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J Bacteriol. 1983 Oct;156(1):402-8.

Outer membrane porins are important in maintenance of the surface structure of Escherichia coli cells.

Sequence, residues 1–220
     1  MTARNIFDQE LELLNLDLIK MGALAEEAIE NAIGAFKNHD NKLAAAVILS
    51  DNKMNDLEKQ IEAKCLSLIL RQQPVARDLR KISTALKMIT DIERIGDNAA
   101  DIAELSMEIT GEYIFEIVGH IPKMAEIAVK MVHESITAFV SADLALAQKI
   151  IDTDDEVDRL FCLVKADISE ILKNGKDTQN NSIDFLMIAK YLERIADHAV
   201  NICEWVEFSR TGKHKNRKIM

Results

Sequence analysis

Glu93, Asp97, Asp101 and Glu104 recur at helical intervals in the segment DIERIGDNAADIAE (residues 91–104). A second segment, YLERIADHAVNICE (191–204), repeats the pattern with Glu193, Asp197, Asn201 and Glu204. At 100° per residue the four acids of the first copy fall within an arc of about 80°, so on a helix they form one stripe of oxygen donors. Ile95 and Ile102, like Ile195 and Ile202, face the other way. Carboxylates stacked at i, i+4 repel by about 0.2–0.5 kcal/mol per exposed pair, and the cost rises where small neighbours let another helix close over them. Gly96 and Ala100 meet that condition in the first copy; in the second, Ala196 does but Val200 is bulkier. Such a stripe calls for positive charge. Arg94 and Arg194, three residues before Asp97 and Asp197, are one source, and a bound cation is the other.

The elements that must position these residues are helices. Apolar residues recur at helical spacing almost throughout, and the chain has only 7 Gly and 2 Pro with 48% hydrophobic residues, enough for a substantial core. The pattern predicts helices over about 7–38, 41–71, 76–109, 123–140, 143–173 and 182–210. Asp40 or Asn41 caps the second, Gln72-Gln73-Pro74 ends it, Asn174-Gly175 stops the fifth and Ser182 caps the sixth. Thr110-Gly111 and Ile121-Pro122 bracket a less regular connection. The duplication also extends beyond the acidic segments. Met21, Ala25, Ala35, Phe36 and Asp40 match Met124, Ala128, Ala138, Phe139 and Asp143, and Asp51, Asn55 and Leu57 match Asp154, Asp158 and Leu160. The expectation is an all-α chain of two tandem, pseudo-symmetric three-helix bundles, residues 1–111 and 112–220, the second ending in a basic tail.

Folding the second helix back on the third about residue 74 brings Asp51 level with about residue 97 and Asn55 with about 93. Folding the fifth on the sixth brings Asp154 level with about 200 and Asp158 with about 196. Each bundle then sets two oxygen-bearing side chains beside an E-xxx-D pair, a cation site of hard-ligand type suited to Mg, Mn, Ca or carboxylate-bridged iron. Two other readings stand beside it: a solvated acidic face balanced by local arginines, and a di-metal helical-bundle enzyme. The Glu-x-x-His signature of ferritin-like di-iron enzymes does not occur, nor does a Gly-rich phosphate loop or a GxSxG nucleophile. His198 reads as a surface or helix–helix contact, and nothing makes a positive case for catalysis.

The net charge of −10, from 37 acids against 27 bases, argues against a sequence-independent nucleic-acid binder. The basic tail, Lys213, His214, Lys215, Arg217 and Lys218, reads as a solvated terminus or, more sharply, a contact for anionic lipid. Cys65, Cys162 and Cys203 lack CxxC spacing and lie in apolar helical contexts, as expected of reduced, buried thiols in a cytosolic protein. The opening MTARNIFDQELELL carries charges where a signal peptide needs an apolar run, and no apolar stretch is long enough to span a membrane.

Escherichia coli cells lacking the OmpF and OmpC proteins, porin proteins of the outer membrane, are often unstable and easily revert to strains which either have regained one or both of these proteins or contain a new outer membrane protein. The structural importance of porin proteins in the cell surface was studied in the present work. Tris-hydrochloride buffer at a concentration of 120 mM caused deformation of the cell surface of a strain lacking these porins; the undulated appearance of the negatively stained cell surface changed to a smooth and expanded form. The Tris-induced deformation was seldom observed with either the wild-type strain or a pseudorevertant that possessed the OmpF protein. The role of the OmpF protein in stabilizing the cell surface against Tris treatment could be slightly taken over by the LamB protein, which shares a number of unique properties with the former proteins. The deformation of the cell surface by Tris-hydrochloride buffer was accompanied by a loss of viability, the lethal damage being especially significant when the cells lacked porins. Upon induction with maltose, cells with the undulated appearance could absorb lambda phages, whereas the deformed cells could not. These results suggest that the instability of cells lacking porins is primarily due to a structural defect of the outer membrane.

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